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State v. Collins

Court of Appeals of Missouri, Western District, Second Division

August 29, 2017

STATE OF MISSOURI, Respondent,
v.
TOMMIE L. COLLINS, Appellant.

         Appeal from the Circuit Court of Jackson County, Missouri The Honorable Sandra C. Midkiff, Judge

          Before: Edward R. Ardini, Jr., Presiding Judge, and Karen King Mitchell and Anthony Rex Gabbert, Judges

          KAREN KING MITCHELL, JUDGE

         Tommie Collins appeals, following a jury trial, convictions of four counts of first-degree statutory sodomy, § 566.062, [1] and one count of possession of a controlled substance, § 195.202, for which he was sentenced, as a persistent offender, to concurrent fifteen-year terms of imprisonment for each statutory sodomy count and a consecutive term of ten years imprisonment for the possession count. Before trial, Collins unsuccessfully sought to sever the possession charge from the sodomy charges. He now appeals the trial court's refusal to sever. Finding no error, we affirm.

         Background

         On February 29, 2012, Victim J.M.-who was then six years old-was referred to her school counselor after her teacher overheard J.M. telling some classmates that they could not come over to her house because her stepdad might touch them in their private parts. In speaking with the school counselor, J.M. indicated that her stepdad (whom she identified as Collins-her mother's boyfriend at the time) "call[ed] his . . . private part his stomach and asks her to suck on his stomach and he makes her do it even when she doesn't want to and that he puts white stuff on it to make it taste better. And when she does suck on it, white stuff comes out, and he tells her to swallow it." J.M. told the school counselor that the last time it happened had been that morning before school.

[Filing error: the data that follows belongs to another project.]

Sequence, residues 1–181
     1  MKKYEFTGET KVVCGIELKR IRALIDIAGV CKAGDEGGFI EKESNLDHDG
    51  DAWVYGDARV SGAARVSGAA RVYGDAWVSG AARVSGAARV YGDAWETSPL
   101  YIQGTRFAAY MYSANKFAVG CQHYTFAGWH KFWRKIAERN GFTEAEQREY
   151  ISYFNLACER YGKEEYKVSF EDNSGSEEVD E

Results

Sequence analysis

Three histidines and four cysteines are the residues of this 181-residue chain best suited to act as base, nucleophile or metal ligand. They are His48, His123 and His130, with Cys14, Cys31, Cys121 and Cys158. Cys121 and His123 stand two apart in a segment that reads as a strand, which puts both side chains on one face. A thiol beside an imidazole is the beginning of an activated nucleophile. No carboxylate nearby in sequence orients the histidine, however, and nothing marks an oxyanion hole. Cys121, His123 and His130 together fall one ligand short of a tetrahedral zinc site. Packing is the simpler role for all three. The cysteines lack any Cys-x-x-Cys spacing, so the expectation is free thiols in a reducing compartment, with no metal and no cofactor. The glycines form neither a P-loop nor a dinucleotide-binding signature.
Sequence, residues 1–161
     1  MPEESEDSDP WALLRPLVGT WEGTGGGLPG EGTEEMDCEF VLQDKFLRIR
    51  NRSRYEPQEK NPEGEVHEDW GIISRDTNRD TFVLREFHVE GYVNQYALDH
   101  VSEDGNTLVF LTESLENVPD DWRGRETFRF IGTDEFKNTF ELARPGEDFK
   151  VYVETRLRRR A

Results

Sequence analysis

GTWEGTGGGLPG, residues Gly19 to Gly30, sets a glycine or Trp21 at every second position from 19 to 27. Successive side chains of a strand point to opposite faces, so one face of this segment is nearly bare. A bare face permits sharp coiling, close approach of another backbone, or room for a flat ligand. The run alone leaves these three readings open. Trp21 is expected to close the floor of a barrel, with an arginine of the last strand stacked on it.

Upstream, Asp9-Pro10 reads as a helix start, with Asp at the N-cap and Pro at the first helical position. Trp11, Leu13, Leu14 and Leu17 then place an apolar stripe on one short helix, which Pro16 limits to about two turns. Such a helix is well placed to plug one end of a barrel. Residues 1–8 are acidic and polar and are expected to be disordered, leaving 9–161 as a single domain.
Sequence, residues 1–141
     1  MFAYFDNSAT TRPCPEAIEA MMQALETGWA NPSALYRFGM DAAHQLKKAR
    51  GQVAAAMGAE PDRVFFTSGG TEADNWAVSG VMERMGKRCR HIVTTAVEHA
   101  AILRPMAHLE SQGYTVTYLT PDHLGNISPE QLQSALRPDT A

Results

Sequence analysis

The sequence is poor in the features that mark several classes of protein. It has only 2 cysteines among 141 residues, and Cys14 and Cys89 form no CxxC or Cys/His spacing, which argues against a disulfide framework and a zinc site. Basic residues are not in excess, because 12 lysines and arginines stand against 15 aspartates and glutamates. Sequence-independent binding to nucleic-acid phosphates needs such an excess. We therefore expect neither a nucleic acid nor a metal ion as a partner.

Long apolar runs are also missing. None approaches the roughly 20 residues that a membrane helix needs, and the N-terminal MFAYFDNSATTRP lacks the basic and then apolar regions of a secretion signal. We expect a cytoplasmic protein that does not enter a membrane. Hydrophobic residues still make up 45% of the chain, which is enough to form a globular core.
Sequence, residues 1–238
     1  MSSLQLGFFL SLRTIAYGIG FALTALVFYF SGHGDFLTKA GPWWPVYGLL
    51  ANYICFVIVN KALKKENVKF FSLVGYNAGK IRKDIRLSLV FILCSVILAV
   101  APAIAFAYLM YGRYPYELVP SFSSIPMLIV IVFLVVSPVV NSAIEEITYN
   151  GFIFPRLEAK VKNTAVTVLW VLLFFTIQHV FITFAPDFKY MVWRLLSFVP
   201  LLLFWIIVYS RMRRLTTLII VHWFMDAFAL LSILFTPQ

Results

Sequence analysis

In response to J.M.'s disclosures, the school counselor placed a call to the Children's Division child abuse hotline. The Division worker receiving the call labeled it a Priority 1 Emergency, meaning that it needed to be investigated immediately. The Division worker went to J.M.'s home with two law enforcement officers. They arrived at J.M.'s home, which she shared with Collins, around 5:00 p.m.

         When they arrived, Collins answered the door. The Division worker introduced herself and advised Collins that she was there to ensure the children's[2] safety and asked if she could enter. Collins allowed her inside and she asked to first speak with him privately. She then advised Collins that the Division's purpose was to ensure the safety of children; Collins indicated that he knew this because he had been investigated before. When the worker advised Collins that the Division had received a new hotline report concerning sexual abuse of J.M. with Collins listed as the alleged perpetrator, Collins threw his arms up in the air, said "what?" and walked out of the room. The officers then took Collins outside while the worker spoke with J.M.